ÎleSoniq. Photo by Cindy Lopez (see the full gallery here)
If you rode the metro this weekend chances are you spotted one of the thousands of EDM enthusiasts heading to Parc Jean-Drapeau for the ÎleSoniq music festival. You probably didn’t even have to ask to come to this conclusion; the giveaway is the signature festival bracelet, the universal symbol of day drinking and dancing. But even before that you might’ve done a double take at the sight of massive amounts of glitter, neon fanny packs and enough spandex to clothe an ’80s aerobics class 10 times over. Nothing says TGIF like a Berri-UQAM garbage can overflowing with crumpled cans of Palm Bay at 2 p.m.
All cynicism aside, after exiting the metro station, passing the first paramedics dispatched to treat the first victim of the weekend, and making it through security, the atmosphere quickly shifts into weekend-mode and the excitement sets in. For the massive crowd in front of me, the long walk to Ile Notre-Dame quickly turns into an excited skip and the first Instagram stories are successfully posted. A seasoned festival-goer I spoke enroute to the entrance described this moment as “coming home,” before triumphantly posing with a friend in front of the main gates of the festival.
Having never been to ÎleSoniq, let alone any EDM festival before, I felt strangely underprepared and overdressed – pants were a rarity. I found myself squarely in the middle of a foreign rave culture and I was curious to see what it was all about.
Kandi. Photo by Mackenzie Lad
Drinking starts early and does not stop, much like any other music festival that begins in the early afternoon. The average drink costs about $8, and a lukewarm tall boy of Palm Bay seems to be the signature drink. On this little island, prolonged intoxication is truly a financial commitment and suddenly I have a new respect for the metro pre-drinkers who have come prepared to save money. Day drinking is a marathon, and judging by the early deployment of medics outside station Jean-Drapeau, some do not pass the first checkpoint.
And then there are the drugs; not an essential aspect of the experience but definitely deeply intertwined into rave culture. The frequent sight of jewelled pacifiers strung around the necks of festival-goers are both a fashion statement and a safety precaution. To ÎleSoniq’s credit there is a kiosk near the entrance with information and resources for safer drug consumption. GRIP (Groupe de Recherche et d’intervention Psychosociale) is a non-profit organization that takes a harm-reduction approach to substance use at music festivals – people are going to do drugs, so why not give them every opportunity to do it in a safer way? GRIP has been at ÎleSoniq since the beginning and for good reason: GRIP reports the in the past year over “1,800 direct interventions were carried out and more than 2,000 condoms, more than 1,100 less risky consumer kits and 2,465 preventive cards were distributed free of charge.” Among these resources are pamphlets about “Safer Snorting” and instructions on how to use a drug testing kit.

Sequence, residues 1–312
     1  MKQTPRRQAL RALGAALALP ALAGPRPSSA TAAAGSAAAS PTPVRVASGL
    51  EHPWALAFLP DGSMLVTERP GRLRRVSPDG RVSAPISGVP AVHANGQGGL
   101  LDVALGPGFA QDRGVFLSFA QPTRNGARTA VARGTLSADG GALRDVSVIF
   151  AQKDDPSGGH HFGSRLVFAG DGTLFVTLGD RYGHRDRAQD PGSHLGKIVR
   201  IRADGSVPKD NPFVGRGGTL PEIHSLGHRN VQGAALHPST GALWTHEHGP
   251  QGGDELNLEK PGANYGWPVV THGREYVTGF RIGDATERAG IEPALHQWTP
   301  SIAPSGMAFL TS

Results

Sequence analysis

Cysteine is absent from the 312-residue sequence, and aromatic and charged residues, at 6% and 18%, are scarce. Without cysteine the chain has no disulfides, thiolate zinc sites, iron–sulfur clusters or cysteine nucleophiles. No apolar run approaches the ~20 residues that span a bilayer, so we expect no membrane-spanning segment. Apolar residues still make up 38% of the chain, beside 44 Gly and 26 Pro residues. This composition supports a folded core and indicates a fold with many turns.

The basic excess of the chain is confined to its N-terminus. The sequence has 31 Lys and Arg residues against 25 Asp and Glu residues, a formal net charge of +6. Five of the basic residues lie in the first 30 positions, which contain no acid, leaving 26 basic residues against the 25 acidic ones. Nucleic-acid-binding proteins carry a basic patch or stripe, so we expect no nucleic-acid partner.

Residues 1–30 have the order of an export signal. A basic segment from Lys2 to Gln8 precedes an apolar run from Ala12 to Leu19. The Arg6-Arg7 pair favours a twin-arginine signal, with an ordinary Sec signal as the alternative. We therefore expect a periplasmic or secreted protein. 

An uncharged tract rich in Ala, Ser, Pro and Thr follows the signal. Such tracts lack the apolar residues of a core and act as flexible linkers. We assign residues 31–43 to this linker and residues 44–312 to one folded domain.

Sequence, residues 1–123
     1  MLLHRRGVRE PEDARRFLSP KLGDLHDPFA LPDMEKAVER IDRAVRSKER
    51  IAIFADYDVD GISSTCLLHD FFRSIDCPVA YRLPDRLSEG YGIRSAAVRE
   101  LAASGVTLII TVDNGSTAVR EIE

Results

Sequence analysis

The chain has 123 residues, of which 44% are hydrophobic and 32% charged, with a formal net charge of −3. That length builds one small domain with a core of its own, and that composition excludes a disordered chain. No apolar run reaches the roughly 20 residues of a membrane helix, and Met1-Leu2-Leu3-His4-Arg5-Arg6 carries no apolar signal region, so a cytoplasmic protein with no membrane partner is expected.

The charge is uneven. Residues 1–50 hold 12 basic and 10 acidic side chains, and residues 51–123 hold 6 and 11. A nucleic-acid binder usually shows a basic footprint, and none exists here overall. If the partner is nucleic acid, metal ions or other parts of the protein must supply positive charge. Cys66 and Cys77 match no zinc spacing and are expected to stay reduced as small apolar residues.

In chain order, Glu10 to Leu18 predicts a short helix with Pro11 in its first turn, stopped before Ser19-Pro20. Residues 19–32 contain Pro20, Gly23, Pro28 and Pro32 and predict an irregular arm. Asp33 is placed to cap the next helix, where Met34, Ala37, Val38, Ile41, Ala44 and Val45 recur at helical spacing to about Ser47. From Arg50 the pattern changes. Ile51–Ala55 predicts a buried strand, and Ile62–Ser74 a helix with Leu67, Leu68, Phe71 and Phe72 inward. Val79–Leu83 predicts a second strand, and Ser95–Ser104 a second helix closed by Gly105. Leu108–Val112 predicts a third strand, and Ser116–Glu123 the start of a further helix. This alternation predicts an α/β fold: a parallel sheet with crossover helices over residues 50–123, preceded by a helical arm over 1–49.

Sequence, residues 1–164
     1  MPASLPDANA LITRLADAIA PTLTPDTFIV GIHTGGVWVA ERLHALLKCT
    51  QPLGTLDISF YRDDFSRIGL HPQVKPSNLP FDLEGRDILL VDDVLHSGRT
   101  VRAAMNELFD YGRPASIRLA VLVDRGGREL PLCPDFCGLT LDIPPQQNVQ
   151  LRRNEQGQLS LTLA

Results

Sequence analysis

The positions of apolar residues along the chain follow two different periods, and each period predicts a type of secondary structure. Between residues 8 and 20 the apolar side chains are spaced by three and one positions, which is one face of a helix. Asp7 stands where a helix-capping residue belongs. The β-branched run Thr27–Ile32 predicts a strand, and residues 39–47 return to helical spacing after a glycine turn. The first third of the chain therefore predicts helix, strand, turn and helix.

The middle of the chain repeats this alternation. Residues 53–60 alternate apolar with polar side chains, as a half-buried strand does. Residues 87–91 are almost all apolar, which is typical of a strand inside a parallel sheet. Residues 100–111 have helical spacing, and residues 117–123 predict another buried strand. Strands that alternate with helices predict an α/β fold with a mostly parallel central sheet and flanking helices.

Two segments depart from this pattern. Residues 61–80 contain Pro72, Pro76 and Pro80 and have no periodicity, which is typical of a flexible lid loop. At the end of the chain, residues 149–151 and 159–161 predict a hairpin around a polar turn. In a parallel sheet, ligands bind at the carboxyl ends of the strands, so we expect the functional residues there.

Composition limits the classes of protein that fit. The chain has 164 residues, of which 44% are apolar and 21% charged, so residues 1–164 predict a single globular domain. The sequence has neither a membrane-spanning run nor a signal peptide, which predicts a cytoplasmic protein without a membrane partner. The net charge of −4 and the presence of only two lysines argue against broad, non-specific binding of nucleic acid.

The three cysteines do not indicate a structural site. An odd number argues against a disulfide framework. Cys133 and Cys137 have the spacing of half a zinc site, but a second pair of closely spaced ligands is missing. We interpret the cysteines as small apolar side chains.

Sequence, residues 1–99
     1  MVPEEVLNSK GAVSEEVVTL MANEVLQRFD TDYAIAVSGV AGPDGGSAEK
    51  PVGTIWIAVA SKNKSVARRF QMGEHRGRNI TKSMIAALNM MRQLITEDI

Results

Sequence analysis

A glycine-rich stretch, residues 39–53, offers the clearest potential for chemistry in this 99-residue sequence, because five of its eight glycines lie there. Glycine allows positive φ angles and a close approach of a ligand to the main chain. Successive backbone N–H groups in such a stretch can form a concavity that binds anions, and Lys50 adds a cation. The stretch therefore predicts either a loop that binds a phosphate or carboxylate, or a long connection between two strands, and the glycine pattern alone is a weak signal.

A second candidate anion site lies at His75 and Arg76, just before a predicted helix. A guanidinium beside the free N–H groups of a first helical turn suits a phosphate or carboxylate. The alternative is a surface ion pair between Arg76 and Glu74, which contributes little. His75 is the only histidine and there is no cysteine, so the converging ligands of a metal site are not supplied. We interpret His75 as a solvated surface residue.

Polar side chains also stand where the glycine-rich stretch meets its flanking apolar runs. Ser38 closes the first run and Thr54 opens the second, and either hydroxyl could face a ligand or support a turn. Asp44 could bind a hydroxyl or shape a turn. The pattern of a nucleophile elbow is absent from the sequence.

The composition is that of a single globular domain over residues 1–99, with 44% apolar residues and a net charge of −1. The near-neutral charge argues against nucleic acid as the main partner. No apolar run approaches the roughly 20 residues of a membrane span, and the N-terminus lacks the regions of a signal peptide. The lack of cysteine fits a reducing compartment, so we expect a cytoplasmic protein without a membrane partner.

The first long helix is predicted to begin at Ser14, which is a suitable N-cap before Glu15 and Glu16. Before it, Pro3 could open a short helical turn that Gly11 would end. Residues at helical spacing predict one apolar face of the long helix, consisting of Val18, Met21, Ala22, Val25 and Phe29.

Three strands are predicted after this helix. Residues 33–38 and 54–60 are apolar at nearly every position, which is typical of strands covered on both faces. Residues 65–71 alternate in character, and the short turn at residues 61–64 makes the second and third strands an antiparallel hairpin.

Judging by past iterations of the festival, ÎleSoniq used to welcome a variety of hip hop, electronic and EDM artists, though now the line-up is almost exclusively EDM as the other genres have made their way further into the mainstream and into the Osheaga line-up. Nonetheless, the growth of festival attendance since its inception proves that the audience is showing up and with a renewed enthusiastism for this year’s headliners Diplo, DJ Snake, the Chainsmokers and French Montana.
The Chainsmokers. Photo by Cindy Lopez
At this point I could try to describe EDM, but as a non-expert I think I would grossly over or under-complicate the genre. But I will say that there were rarely breaks between artists or even consecutive songs. Before anyone really had the chance to catch their breath the beat had, once again, dropped. In hindsight what I admire most about the dedicated festival-goers is their impressive stamina. The dancing never ceased, whether in line for the ATM or eating a poutine or exiting a porta-potty, the bouncing continued. In fact, one of the three stages is equipped with a bubble wrap-like floor, made up of plastic air pouches allowing for maximum bounce, minimal impact.
And then there’s the festival fashion. A tent housing the Kandi Konnection was crowded at all times, where people swarmed over tables of plastic beads to make chunky neon bracelets that spelled things like “FAMILY,” “WEED,” “PEACE,” and “FXCKED UP.” A woman with a sleeve full of assorted beaded bracelets extending up to her elbows informed me that peace, love, unity and respect (PLUR) is the rave philosophy and it is best expressed through exchanging the DIY bracelets. There are the classic fanny packs, albeit worn the way they were designed to be worn (around the waist), contrary to the cross-body street wear trend going on right now. There is also a noticeable presence of Hawaiian shirts, braided hair caked in glitter down to the scalp and fishnets in lieu of most other clothing items.
Two days and a mild sunburn later, I feel like I’ve come away with a more nuanced view of something I initially wrote off. Festivals like ÎleSoniq and the rave culture they facilitate certainly have their flaws. But there is also this pervasive optimism and openness that seems to be really genuine throughout the experience. People wear the clothes they could never incorporate into a 9-to-5 lifestyle. They dance like no one is watching — in front of hundreds of people at a time. They wear matching outfits and hold hands and hug and kiss their friends. Of course the drugs and alcohol deserve much of the credit for creating this kind of atmosphere, but I have to think that rave culture, the trance-like music, the costumes and the unspoken code of conduct to let loose and have a good time is what keeps people putting glitter in their hair and returning to ÎleSoniq year after year. ■